Having said all that I figured I may as well check this out, and I’m glad I did. I really like the whole never talked about documentary style the show does for, and the characters are larger than life yet still kind of believable, with my favourite being Kevin.


And that’s all I want to say about that! I’m only three seasons in but knowing my marathonning style I should be caught up pretty shortly, provided I don’t get completely distracted by other stuff.

And with that this week of absolute nothing has finally come to a close! Maybe next week will be more exciting but who really knows, I have a feeling that by the end of this semester I’ll find out I’ve been not going to one of my lectures or something and then everything will go real bad real fast. But until then I’ll be sleeping in until 6pm and filling in wiki articles for My Little Pony iOS games.


I Play Porn Games For The Story // 09.10.2011

Oh wouldn’t you know it, it’s time for another blog entry! Hello everyone and welcome to my blog, a place where I put a gratuitous amount of misspelled words and tense changing sentences to form some kind of opinion on one or more of the following; including but not limited to video games, anime, rap music sampling Megaman 2, My Little Pony, programming and, of course, visual novels. Normally there would be a humorous anecdote here vaguely about something that’s happened to me in the last week but in all honestly, hardly anything has happened at all! I have, however, tried to make a conscious effort not to swear as often as I have been, a task made all the more difficult every time one of my friends tries to make me play some fucking League of Legends.

The Binding of Isaac

I’ve spent a large portion of this week, and admittedly last week, playing The Binding of Isaac, I was going to talk about it last week but at that time I still didn’t know what I thought about the game. At the time I didn’t really like the game that much, yet I was compelled to keep playing over and over again. Now that another week has passed I think I like this game? Maybe? To be honest I’m still not sure.

The game, for those of you that don’t know, is from the messed up mind of Edmund McMillen, whose previous work includes Super Meat Boy, Gish and Time Fcuk (all of whom appear in this game in some capacity). The actual gameplay consists of 8 floors, each of them being a randomly generated Zelda dungeon. You control Isaac, the son of a religious nut job who is trying to sacrifice Isaac because god said so. Isaac’s main form of attack is his tears, and he uses that to kill enemies, finds bombs that can be used to access hidden rooms, coins to buy things at the item store, stuff like that. The game starts off pretty slow, with a lot of simple enemies and room designs, and Isaac himself being rather plain. As you progress, however, Isaac gets rather messed up with all the powerups you can find.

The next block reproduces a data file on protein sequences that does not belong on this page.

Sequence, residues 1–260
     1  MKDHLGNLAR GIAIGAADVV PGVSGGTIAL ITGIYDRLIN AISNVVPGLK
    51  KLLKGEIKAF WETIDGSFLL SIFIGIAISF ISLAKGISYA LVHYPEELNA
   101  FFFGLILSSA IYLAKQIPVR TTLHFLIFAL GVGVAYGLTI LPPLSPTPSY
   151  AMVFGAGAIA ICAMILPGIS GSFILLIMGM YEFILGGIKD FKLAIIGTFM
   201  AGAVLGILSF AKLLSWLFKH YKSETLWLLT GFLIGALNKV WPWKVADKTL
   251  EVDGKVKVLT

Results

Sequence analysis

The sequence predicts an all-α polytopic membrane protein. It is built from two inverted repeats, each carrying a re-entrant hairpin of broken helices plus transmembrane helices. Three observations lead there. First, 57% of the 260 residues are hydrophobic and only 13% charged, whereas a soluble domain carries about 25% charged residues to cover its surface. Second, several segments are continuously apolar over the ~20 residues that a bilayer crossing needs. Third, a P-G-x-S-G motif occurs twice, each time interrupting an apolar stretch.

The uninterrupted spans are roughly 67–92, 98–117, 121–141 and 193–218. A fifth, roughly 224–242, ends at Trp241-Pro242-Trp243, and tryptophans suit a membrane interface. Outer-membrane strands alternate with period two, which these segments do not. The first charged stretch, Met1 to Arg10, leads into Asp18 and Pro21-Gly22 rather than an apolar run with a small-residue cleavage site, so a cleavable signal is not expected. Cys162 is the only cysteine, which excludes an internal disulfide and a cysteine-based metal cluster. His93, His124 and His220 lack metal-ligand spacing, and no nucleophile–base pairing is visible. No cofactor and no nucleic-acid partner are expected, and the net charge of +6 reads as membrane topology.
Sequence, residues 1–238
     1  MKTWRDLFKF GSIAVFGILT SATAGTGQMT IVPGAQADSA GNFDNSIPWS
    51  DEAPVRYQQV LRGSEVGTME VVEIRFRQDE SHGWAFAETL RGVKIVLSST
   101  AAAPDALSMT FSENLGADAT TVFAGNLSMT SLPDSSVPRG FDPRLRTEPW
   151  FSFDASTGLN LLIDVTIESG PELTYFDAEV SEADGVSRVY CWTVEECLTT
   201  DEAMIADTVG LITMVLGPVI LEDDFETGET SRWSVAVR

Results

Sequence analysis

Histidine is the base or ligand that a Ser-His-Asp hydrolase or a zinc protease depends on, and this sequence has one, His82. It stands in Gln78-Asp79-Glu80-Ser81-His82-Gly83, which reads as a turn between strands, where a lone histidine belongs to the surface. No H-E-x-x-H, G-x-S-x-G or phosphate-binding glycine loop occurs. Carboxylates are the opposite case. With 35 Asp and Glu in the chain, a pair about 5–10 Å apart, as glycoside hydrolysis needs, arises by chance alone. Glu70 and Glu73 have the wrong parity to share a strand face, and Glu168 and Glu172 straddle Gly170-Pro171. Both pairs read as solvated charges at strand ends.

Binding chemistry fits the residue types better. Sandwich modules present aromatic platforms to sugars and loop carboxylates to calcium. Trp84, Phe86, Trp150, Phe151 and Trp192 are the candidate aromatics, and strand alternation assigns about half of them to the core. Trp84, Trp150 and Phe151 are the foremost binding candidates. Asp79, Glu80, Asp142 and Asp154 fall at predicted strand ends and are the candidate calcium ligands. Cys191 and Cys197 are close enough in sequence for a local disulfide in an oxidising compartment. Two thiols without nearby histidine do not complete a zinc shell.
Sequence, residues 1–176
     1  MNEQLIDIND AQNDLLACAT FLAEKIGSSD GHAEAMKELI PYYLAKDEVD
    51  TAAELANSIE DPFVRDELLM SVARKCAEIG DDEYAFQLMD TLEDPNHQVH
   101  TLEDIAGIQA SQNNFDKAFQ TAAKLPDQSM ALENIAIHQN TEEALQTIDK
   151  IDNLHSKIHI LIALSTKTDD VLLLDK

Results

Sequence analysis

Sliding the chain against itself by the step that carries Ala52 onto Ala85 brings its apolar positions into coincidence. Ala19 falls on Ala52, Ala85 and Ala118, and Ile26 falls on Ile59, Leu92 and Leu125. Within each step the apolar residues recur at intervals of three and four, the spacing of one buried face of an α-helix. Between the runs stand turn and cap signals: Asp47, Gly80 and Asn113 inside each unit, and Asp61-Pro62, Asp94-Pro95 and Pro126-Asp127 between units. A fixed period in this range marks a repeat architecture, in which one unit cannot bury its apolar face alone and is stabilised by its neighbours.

The powerups work rather curiously in this game, as you don’t ever equip anything, instead as soon as you find powerups they are automatically equipped and stack with whatever you have already found. This is where the genius of this game comes into full fruition. There are four kinds of powerups in the game, passive, specials, tarot cards and pills. The passive powerups are the most fun, as they can completely overpower Isaac right off the bat if you are extremely lucky. These range from basic stat boosters like range up or damage up, or letting you fly over holes in the floor, giving you a third eye for a multi shot, or getting as crazy as the Dr. Fetus powerup, which replaces Isaac’s tears with bombs. The second powerup set consists of special attacks, assigned to the space bar. These range from the rather basic reviving health, to the downright absurd, like “My Little Unicorn” which turns Isaac invincible and multicoloured for a few seconds, or the teleporter which randomly warps Isaac to another room of the floor, but will sometimes teleport him outside the floor into a glitch room full of the best powerups and coins. The other two, tarot cards and pills, are one off attacks via the Q button. The tarot cards have a set effect, for instance the Emperor will teleport Isaac to the boss and the Hanged Man will make Isaac float, but these effects only last for that one room. The pills are random each play through, but their effect carries for the rest of that run. These can range from stat increases, to stat decreases, or making you drop all your bombs at once. The pills are the only way you can debuff in the game, and due to that are pretty risky to use most of the time.